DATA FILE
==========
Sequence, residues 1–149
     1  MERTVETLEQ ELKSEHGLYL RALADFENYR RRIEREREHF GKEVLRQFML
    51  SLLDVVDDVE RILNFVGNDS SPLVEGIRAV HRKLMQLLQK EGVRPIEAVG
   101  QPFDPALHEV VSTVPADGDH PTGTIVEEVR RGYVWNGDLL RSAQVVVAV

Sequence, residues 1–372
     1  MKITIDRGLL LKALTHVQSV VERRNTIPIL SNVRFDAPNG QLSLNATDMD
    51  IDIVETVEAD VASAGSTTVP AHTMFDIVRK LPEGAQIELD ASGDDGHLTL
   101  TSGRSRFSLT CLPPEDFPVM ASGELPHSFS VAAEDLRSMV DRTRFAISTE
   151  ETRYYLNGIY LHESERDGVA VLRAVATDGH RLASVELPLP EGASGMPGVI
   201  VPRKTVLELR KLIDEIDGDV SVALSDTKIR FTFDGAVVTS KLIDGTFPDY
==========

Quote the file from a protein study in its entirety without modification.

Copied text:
Sequence, residues 1–149
     1  MERTVETLEQ ELKSEHGLYL RALADFENYR RRIEREREHF GKEVLRQFML
    51  SLLDVVDDVE RILNFVGNDS SPLVEGIRAV HRKLMQLLQK EGVRPIEAVG
   101  QPFDPALHEV VSTVPADGDH PTGTIVEEVR RGYVWNGDLL RSAQVVVAV

Sequence, residues 1–372
     1  MKITIDRGLL LKALTHVQSV VERRNTIPIL SNVRFDAPNG QLSLNATDMD
    51  IDIVETVEAD VASAGSTTVP AHTMFDIVRK LPEGAQIELD ASGDDGHLTL
   101  TSGRSRFSLT CLPPEDFPVM ASGELPHSFS VAAEDLRSMV DRTRFAISTE
   151  ETRYYLNGIY LHESERDGVA VLRAVATDGH RLASVELPLP EGASGMPGVI
   201  VPRKTVLELR KLIDEIDGDV SVALSDTKIR FTFDGAVVTS KLIDGTFPDY